Anyone who has done even a tiny bit of research in the distant past, knows how difficult it can be to learn about female ancestors. There is a frequent tendency for women to be identified as Mrs. James Curtis in public documents. This makes it very hard to find women’s first names and often impossible to find birth surnames (maiden).
I have been blessed, in that I know most of the first names and birth surnames of my female ancestors. If you are only researching male ancestors you are missing 1/2 of the puzzle.
Today I’m going to shine a light on Mary Martin Hayes Williams, one of my direct female ancestors. She was born February 1884 in Kentucky and died November 1964 at the age of 80. She married Hubert Hayes and the couple had 5 children. Four girls and 1 boy. According to one of her grandson’s she was a kind and loving woman who cared deeply for her family.
I learned Mary’s full name from one of her grandson’s. From there I was able to find her death certificate which gave the full names of her parents.
When Mary was born women didn’t have the right to vote. According to Historyorb.com on, “Mar 8th – Susan B. Anthony addresses the U.S. House Judiciary Committee arguing for an amendment to the U.S. Constitution granting women the right to vote. Anthony’s argument came 16 years after legislators had first introduced a federal women’s suffrage amendment.” And the Civil War had only been over for 19 years. I can only imagine what life was like for a woman of African descent living in Kentucky. How I wish I knew some of her thoughts and feelings.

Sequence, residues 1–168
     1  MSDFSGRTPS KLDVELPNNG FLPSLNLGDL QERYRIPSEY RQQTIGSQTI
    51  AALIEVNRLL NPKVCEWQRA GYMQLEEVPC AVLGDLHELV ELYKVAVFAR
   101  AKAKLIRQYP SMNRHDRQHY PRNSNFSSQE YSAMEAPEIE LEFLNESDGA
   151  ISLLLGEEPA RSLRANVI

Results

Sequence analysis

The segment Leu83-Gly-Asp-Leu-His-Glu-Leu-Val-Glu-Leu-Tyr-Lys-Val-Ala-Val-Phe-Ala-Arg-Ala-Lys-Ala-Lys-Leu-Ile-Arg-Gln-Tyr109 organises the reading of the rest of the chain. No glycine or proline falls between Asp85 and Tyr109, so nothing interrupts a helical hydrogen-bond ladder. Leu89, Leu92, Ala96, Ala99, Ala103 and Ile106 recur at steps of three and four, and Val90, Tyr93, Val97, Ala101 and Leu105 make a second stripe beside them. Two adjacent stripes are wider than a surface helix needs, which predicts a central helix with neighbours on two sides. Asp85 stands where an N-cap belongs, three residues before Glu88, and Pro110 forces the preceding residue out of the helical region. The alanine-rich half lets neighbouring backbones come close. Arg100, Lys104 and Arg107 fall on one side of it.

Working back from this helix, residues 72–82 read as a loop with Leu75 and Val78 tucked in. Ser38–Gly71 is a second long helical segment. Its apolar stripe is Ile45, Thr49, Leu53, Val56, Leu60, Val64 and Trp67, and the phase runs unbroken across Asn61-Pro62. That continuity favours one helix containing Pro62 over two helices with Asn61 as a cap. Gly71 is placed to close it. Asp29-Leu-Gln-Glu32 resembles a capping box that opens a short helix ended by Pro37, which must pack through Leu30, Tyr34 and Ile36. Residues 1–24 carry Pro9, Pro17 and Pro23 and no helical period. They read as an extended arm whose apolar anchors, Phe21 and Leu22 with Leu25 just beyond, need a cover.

This is just a tiny bit of the story of her life. I challenge you to document the story of the women of your family. Learn their birth names and that of their parents. I am blessed to speak her name and have her picture. For today that will be enough.